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I am wondering if there is a security issue with this. I use Mozilla, and I got an email with Me, '.exe' <myemail@server.com>. I have never seen this. What is it? Is it a way to send mass email? I searched online, and it has something to do with PoserShell. I just don't want to be at risk.

As you can see .exe shows up right before my email address.

Here is what I mean Update - I uploaded it in Virus Total, and it seems to be clean.

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Normally this seems to look like an error because it is really exposed, suspicious and because it is right in the title of the email. If there is an attachment I do not advise you to open this up in your real enviorment with an antivirus. As a matter of fact do not open it at all.

However this seems some sort of adware according to a specific site, either way if your that curious download a VM and open it up simulating a sandbox enviorment and execute it to see.

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I take it this is an attachment you've received - .exe is not a valid top-level domain.

I would not advise you to open this at all. If you have the file on your device, you can have your anti-virus check it for a detection or you can upload it to VirusTotal to check it against a host of vendors.

If you weren't expecting this file and don't recognise the sender delete it and be done with it.

  • This is a good model 'I do not recognise this, so do not open and delete'. Unfortunately, if major providers did not allow XSS without our permission the 'do not open' the email policy would not be required, but this is only seen with smaller services like ProtonMail. But it's seen more often email servers blocking executable files and ZIP files containing executables. – safesploit Sep 10 '18 at 21:14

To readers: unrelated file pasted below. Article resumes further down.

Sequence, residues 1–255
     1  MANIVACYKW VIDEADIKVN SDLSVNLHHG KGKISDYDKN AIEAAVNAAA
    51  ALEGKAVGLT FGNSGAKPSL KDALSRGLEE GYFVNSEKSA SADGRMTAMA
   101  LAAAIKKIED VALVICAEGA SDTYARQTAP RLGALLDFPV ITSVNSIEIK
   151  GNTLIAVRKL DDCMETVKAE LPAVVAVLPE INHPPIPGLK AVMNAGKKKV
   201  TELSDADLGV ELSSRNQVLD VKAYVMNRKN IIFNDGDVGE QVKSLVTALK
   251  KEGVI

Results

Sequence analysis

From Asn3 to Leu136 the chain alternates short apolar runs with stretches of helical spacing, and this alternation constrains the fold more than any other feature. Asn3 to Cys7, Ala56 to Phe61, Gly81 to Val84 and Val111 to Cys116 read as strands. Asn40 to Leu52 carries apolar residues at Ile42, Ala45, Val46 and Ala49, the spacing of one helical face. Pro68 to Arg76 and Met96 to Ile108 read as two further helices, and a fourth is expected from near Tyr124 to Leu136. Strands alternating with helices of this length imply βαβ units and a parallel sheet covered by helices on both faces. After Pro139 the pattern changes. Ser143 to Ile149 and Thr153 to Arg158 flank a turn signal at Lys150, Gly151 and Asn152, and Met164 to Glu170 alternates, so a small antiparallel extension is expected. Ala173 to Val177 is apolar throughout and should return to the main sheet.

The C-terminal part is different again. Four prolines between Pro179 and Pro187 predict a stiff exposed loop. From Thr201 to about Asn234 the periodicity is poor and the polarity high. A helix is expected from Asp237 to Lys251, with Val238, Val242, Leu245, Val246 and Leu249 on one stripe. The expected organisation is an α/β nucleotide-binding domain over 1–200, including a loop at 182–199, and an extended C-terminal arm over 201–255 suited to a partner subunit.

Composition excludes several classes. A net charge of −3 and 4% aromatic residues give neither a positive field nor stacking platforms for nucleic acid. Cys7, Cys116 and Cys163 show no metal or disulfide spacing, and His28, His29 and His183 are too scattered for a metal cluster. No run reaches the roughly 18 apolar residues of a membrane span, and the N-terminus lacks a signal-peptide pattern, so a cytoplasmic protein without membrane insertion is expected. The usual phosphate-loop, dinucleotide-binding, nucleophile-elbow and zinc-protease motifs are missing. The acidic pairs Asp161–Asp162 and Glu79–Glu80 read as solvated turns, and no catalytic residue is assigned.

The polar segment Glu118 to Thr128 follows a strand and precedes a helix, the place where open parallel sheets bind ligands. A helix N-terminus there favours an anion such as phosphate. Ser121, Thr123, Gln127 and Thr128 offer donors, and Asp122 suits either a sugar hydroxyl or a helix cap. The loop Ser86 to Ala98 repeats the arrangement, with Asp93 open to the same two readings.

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You could use VirusTotal, like suggest above. But this is entirely possible. Sending emails with a spoofed address is possible, we use SPF but validation, but even with this its possible, as additional validation techniques are required.

  • While this is a valid point, you should do more to add to the answer. As other answers have already made most of these points. Please reframe in the future from making points without referencing. Despite this, a valid point about SPF, as it is used by email servers to mitigate spam which has failed validation checks. – safesploit Sep 10 '18 at 21:16
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The '.EXE' you see is the "full name" field of an email address, typically what the sender has in their address book. On a protocol level, this is the content of the To: field.

The sender has set the To: field to multiple email addresses. The first one is your email, which is shown as "Me" in the screenshot. The second address is the @yahoo.com account with a name of " '.EXE' " (inner quotes included). You can tell because there are two stars in the screenshot, one after each recipient. This account is likely controlled by the spammer for the purposes of capturing any reply you happen to send.

In short: The spammer is being tricky with the "name" field in the email. If there's an attachment, don't open it - the trickiness with the name is probably intended to confuse you and get you to do just that.

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